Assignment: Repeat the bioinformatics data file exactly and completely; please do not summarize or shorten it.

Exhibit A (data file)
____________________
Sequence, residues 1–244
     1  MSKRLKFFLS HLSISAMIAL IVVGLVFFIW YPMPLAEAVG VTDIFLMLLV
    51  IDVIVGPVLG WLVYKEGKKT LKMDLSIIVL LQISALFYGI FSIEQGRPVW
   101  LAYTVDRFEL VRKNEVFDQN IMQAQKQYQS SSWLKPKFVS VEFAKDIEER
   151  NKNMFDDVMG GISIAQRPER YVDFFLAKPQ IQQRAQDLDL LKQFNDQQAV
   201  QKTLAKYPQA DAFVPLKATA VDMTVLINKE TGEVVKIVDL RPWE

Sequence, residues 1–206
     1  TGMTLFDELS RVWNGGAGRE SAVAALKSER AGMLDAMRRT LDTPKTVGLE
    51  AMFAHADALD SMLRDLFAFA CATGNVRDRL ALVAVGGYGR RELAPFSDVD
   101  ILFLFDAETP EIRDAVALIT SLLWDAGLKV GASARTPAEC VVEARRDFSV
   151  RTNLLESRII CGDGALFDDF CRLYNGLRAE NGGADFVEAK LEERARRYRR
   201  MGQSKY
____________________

Sequence, residues 1–244
     1  MSKRLKFFLS HLSISAMIAL IVVGLVFFIW YPMPLAEAVG VTDIFLMLLV
    51  IDVIVGPVLG WLVYKEGKKT LKMDLSIIVL LQISALFYGI FSIEQGRPVW
   101  LAYTVDRFEL VRKNEVFDQN IMQAQKQYQS SSWLKPKFVS VEFAKDIEER
   151  NKNMFDDVMG GISIAQRPER YVDFFLAKPQ IQQRAQDLDL LKQFNDQQAV
   201  QKTLAKYPQA DAFVPLKATA VDMTVLINKE TGEVVKIVDL RPWE

Sequence, residues 1–206
     1  TGMTLFDELS RVWNGGAGRE SAVAALKSER AGMLDAMRRT LDTPKTVGLE
    51  AMFAHADALD SMLRDLFAFA CATGNVRDRL ALVAVGGYGR RELAPFSDVD
   101  ILFLFDAETP EIRDAVALIT SLLWDAGLKV GASARTPAEC VVEARRDFSV
   151  RTNLLESRII CGDGALFDDF CRLYNGLRAE NGGADFVEAK LEERARRYRR
   201  MGQSKY